When Congress passed the SBRA in the summer of 2019, the economy was humming along. Projections. Government. Legislatures. Business owners. They all thrive on projections. Baked into the SBRA were projections as to how many businesses would seek the benefits of the SBRA. When that number was estimated, Congress made the decision that the impact on the banks in terms of lost dollars was outweighed by the benefits of saving the small number of small businesses that would, in a good or even bad economy, need to avail itself of the SBRA’s debt elimination, reduction and restructuring features.
Nobody projected COVID. Or the near catastrophic economic consequences brought about by the economic shutdowns. The SBRA fits within the second prong of the government’s approach to the pandemic. The first policy guiding the government is doing whatever is necessary to minimize deaths. The second prong is providing tools to ameliorate the economic consequences of economic shutdowns. Some of these tools we are well aware of: The paycheck protection program. Small Business Administration emergency loans. Moratoriums on foreclosures and evictions. Increased unemployment benefits. Expansion of unemployment benefits.
The SBRA, unwittingly, has become one of the tools provided by government to business owners to minimize the economic consequences of the economic shutdowns and the resulting changes, some say permanent, to purchasing patterns. Frankly, the SBRA’s benefits dwarf the other measures– which are really nothing more than a “bandaid” type approach. A few dollars here or there to meet payroll or some fixed expenses.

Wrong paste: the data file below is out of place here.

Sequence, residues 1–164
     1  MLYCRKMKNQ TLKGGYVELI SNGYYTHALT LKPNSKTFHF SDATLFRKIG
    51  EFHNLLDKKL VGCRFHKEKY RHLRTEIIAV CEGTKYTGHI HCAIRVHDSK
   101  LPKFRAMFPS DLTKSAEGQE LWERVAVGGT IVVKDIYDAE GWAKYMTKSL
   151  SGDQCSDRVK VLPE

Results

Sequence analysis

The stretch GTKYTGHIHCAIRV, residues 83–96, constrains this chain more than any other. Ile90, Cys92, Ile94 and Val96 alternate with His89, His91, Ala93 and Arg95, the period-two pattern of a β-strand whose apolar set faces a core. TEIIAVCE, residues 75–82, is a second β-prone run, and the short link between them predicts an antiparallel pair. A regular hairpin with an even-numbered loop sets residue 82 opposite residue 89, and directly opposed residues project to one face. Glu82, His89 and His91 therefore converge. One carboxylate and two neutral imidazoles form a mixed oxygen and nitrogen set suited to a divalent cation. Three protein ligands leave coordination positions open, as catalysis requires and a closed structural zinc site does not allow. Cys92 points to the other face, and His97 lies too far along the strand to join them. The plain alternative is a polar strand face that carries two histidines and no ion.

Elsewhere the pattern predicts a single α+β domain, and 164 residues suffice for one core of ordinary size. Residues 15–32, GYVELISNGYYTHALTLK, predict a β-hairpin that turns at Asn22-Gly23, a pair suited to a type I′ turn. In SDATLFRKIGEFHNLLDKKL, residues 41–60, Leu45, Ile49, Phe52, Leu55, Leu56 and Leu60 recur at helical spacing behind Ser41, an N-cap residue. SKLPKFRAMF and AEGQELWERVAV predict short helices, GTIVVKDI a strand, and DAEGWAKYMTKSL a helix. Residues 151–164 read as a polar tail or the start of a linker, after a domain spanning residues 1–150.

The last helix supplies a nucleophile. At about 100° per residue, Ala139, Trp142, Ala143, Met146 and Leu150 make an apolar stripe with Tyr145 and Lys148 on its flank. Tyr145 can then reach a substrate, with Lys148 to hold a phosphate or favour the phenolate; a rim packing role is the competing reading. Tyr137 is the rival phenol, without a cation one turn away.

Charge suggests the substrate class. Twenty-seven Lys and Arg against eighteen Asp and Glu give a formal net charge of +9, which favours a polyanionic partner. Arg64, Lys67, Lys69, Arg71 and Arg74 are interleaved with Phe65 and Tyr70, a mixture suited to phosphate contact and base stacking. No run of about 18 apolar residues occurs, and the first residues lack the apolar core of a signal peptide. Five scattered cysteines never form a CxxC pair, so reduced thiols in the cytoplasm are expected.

But the SBRA’s ability to eliminate, restructure and reduce debt is so powerful that Congress may have to roll back what business owners might hope to achieve in these types of proceedings. Take the restaurant industry, for example. And assume that 100,000 restaurants have, on average, contracts to purchase $100,000 worth of equipment. Given the risk, interest rates are undoubtedly in the 8% to 15% range on those contracts. Restaurants are seeing 30% to 70% reduction in income. If each one of them were to file for SBRA benefits, banks would definitely feel it. Here’s why: restaurant equipment devalues to next to no value once it’s put in service. $100,000 purchase. Three years later $80,000 owed. Equipment is worth $20,000. The SBRA would rewrite the purchase contract to $20,000 at 6% interest. That’s a loss of $60,000 to the bank. Multiply that by 100,000 restaurants: $6 billion.
Extend that trend over additional contracts categories (building purchases, unsecured debt, taxes, wages) and into additional industries and the consequences become apparent.
And I am not sure Congress would, or could, allow those consequences to materialize. The take away? Get your case filed ASAP, before any changes to the law, in order to maximize the benefits your company can expect. Frankly, when you file may well determine whether your business survives. And that may well determine whether the lifestyle you’ve enjoyed because of that business continues- or is lost forever. Those, I believe, are the stakes here.